The Sports Broadcast

A blog about sports broadcasting from the great state of Florida. They report. I decide.

Saturday, October 30, 2004

So Much for the Upset

I thought the game would be close, and thanks to the third quarter it was. I thought the Gators would have opportunities to win, and they did. Unfortunately, they came up short once again, falling to rival Georgia 31-24.

While winning 13 of the last 15 against Georgia still is a remarkable stat to fall back on, I left the game today feeling numb. In the end, penalties killed the Gators today, especially two straight holding calls that reversed two straight first downs in the second half. The Gators had great momentum building with those plays, but the momentum and the gains were negated and the drive ended in a punt. They also had too many false starts, and a classic unnecessary personal foul. In short, they were the team they've always been the past three years, squandering chances and coming up short in general. The game was there for them to win, but after pulling within three points at 24-21, the defense turned to Swiss cheese again.

This really is not the way to send Zook off. He never really got a fair shake in the minds of most Gator fans, and not everything has been his fault. The lack of talent he had to work with when he came in, especially on offenseive line, was not his fault. This year's Tennessee loss and last year's FSU loss were not his fault, but rather the fault of officiating that was so bad it's still hard to believe it really happened. It was not his fault that the team graduated eight defensive starters from last year, that DT Ray McDonald would miss significant time against LSU and the entire game against Mississippi State (who won again today), or that LB Chaninng Crowder would go down today (and his season might be over due to possibly torn ligaments in his foot). While some games the team was simply not ready to play (LSU two years ago, both Ole Miss games, MSU this year), not all of the losses can directly be pinned on Zook's shoulders. Some people actually have realized that and have been supportive of Zook despite all of the clamor for the return of Steve Spurrier (which seems to be much more of an alumni thing than student thing). There were even some students in the crowd who had printed up shirts that said "FOLEY SUCKS" on the front and "I'M A ZOOKER" on the back.

It is small consolation that most of the elite teams in college football had real trouble today. USC had no trouble against a bad Washington State team, but beyond that,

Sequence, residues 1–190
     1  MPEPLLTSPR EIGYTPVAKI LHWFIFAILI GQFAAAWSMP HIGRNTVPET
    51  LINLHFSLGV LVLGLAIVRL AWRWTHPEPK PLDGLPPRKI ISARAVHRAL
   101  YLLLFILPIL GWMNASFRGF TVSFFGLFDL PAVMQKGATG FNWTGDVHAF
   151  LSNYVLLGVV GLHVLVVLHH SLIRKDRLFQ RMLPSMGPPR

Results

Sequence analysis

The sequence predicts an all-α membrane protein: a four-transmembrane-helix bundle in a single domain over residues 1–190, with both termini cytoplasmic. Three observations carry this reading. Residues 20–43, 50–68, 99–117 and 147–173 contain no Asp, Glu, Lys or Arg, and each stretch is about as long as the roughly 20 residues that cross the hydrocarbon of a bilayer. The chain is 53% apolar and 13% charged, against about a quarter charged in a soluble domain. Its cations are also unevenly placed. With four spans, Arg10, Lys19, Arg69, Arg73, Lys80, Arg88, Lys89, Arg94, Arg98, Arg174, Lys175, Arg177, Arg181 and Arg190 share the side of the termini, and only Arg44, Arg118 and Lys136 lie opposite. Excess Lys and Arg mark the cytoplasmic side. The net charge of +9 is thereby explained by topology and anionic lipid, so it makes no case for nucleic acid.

-Oklahoma escaped against Oklahoma State by just three points, which isn't all that surprising as the Sooners always seem to have trouble with the Cowboys
-Miami lost to North Carolina
-FSU lost to Maryland for the first time ever in 15 games
-Michigan needed 3OT to beat Michigan State
-West Virginia beat Rutgers by just five
-Texas A&M lost to Baylor
-Purdue lost to Northwestern (making it the Wildcats' second big win this year), and
-Indiana beat Minnesota
This was the big upset weekend that always happens in college football at least once a year. It only resulted in a loss for one of the undefeated schools (Miami), so we're still on track for six unbeaten teams at the end, causing BCS armageddon. It would be even better if three conference champions were ranked outside of the BCS top-6. There are eight slots in the four BCS bowls, six of which are reserved for BCS conference champions with two at-larges. Finishing in the BCS top-6 guarantees a school a spot in a BCS bowl under the rules, so three non-conference winners in the top-6 would overbook the BCS, causing even more problems. West Virginia, practically a lock to win the Big East, will not finish in the top-6 for sure, and with a bad loss to North Carolina, Miami might not either. Since USC and Cal are at the top and Auburn, Tennessee, and Georgia are all near the top, it's highly likely the Pac-10 and SEC champs will be in the top-6. That leaves the possibility of the Big XII North champion (probably Nebraska) upsetting Oklahoma in the title game (not likely) or Wisconsin losing to Minnesota, Michigan State, or Iowa to have Michigan, if they win out, as Big 10 champ. The three non-conference champs in the top-6 (if they too win out) would be Utah, Cal, and either Georgia or Texas.

In the end, this is just not a good year for history. Phil Mickelson won a major, the Red Sox beat the Yankees in the playoffs, the Red Sox then went on to win the World Series, and Georgia beat Florida. As I heard one person say, it's the Law of Averages year. Perhaps that bodes well for Florida's chances against FSU as UF has not won in Tallahassee since the mid-'80s.

Florida - Georgia